Trying to make your lab greener? Here are some practical examples of how to reduce your lab's carbon footprint and increase sustainability. Since China stopped accepting certain types of plastic waste from the United States and Europe in 2017, the need to dispose of hundreds of single-use plastic vials and other materials (per researcher, each year!) has created an avalanche of waste.
The "single use" problem
COVID-19 has led to even more single-use plastics in labs – and in our everyday lives. The sheer number of gloves, testing kits and even masks we throw away is incredible. "The majority of masks are manufactured from long-lasting plastic materials, and if discarded can persist in the environment for decades to hundreds of years," wrote authors from the University of Portsmouth at the Conversation.com.
Reduce, reuse, recycle
Labs are full of other single-use plastics such as pipette tips, weighing boats, tubes, flasks, reagent bottles, cuvettes, and more. 'Reduce, reuse and recycle' is a fine mantra, but how do researchers cut down on plastics when the sterility of equipment is a concern?
According to the UK's Chemical and Engineering News magazine, "Different users have optimized washing protocols to get pipette tips clean enough for different lab techniques, including mass spectrometry or toxicology and immunology assays.
Earlier this year, for example, researchers at the National Institutes of Health's National Center for Advancing Translational Sciences found their washed pipettes gave the same results as new tips for preparing small-interfering-RNA screening libraries." Customers of Grenova, a lab equipment firm, have reported that some tips can reused 25-40 times.
Baby it's cold
In Nature, Jyoti Madhusoodanan wrote: "Scientists are increasingly aware of the disproportionate environmental footprint of their research. Academic research facilities consume three to six times as much energy as commercial buildings, much of that due to refrigeration and ventilation systems." The has led some third-party "green companies" employed by labs to hold entire conferences around ultra-low temperature freezers. In a feature advertisement in Nature Portfolio, a statistic read: "An average Ultra-Low Temperature freezer consumes as much energy as a single-family home (~20 kWh/day)."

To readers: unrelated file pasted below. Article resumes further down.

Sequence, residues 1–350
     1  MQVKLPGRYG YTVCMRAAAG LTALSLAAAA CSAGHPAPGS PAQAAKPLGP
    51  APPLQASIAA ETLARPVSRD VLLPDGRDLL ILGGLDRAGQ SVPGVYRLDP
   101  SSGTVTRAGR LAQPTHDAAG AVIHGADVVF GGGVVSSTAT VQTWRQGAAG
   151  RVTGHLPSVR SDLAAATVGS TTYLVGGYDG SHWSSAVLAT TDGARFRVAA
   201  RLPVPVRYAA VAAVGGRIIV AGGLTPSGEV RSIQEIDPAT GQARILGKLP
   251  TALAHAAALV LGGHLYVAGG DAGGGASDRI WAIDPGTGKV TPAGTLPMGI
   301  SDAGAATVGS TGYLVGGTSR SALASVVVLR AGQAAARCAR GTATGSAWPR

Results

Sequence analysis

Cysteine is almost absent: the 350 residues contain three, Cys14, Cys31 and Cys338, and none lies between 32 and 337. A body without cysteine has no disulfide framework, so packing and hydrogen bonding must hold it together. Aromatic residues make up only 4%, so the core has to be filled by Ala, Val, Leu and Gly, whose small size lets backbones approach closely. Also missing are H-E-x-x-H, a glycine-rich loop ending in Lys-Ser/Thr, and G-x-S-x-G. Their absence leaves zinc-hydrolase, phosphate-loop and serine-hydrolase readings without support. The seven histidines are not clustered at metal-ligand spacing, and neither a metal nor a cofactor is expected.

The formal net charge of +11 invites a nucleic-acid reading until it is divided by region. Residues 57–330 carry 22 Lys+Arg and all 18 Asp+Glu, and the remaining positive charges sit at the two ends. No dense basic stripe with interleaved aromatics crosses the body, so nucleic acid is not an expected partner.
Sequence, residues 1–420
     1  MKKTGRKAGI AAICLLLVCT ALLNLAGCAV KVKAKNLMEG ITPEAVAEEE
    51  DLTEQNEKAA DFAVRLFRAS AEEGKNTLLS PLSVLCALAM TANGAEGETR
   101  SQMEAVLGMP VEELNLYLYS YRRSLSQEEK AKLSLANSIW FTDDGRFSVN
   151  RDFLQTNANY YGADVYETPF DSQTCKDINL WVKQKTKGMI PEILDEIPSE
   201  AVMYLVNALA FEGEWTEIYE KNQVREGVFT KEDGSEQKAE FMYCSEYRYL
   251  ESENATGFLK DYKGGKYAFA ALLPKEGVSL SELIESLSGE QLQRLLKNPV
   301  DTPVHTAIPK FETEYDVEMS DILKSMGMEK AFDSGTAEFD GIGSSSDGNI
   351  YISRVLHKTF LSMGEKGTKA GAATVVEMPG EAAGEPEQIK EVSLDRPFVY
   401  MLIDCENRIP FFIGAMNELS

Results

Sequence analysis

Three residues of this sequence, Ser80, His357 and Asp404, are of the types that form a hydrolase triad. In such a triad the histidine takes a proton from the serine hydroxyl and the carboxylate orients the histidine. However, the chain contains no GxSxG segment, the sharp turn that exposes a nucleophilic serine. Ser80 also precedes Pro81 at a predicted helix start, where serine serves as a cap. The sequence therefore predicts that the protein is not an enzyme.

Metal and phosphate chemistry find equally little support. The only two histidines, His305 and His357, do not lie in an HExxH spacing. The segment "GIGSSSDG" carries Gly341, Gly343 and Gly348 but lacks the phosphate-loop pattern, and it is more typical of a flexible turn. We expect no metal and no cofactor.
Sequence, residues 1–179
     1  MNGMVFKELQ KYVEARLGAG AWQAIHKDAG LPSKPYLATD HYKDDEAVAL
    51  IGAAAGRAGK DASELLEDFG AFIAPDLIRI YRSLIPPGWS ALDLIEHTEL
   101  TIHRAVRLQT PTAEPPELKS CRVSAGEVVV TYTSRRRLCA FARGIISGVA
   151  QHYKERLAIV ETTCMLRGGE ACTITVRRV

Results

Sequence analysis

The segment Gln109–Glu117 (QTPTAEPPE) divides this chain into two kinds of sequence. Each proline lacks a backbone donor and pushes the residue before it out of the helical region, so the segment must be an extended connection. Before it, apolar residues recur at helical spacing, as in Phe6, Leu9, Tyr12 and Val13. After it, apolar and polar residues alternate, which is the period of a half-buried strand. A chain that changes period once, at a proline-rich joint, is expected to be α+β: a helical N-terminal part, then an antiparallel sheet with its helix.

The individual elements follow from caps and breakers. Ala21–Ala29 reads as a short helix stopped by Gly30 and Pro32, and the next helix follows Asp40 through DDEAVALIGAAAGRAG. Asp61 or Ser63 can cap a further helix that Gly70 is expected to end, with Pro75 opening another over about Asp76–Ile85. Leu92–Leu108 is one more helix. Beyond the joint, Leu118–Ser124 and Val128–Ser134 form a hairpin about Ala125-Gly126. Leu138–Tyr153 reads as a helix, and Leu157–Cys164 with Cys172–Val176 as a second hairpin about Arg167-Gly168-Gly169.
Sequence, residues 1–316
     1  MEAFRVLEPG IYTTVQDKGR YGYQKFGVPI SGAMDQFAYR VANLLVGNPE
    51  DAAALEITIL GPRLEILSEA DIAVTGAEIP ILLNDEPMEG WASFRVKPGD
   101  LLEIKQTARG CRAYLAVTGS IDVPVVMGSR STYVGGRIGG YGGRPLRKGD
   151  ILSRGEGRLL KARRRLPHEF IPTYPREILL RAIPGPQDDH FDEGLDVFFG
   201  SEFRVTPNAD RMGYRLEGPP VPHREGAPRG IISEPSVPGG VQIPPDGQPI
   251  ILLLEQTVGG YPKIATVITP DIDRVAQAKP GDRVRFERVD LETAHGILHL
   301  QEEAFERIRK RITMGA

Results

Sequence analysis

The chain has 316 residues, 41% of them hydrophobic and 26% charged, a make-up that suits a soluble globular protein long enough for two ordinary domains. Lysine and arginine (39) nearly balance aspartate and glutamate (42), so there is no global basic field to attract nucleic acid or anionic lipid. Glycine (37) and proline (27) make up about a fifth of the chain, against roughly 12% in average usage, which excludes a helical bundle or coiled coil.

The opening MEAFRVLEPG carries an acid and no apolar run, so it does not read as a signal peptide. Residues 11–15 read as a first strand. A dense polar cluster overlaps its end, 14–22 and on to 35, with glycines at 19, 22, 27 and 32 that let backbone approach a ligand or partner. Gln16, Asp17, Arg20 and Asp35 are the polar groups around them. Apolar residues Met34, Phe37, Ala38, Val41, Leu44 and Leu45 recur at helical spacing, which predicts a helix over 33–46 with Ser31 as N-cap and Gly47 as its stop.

Help for scientists
There are non-profits that will help you mitigate the amount of waste produced by your lab. One of these, My Green Lab, said on its website: "Run 'for scientists, by scientists,' we leverage our credibility and track record to develop standards, oversee their implementation, and inspire the many behavioral changes that are needed throughout the scientific community."
And it offers a free training course for "ambassadors" – those who would like to guide their lab toward sustainable practices.
This article originally appeared on the University of Houston's The Big Idea. Sarah Hill, the author of this piece, is the communications manager for the UH Division of Research.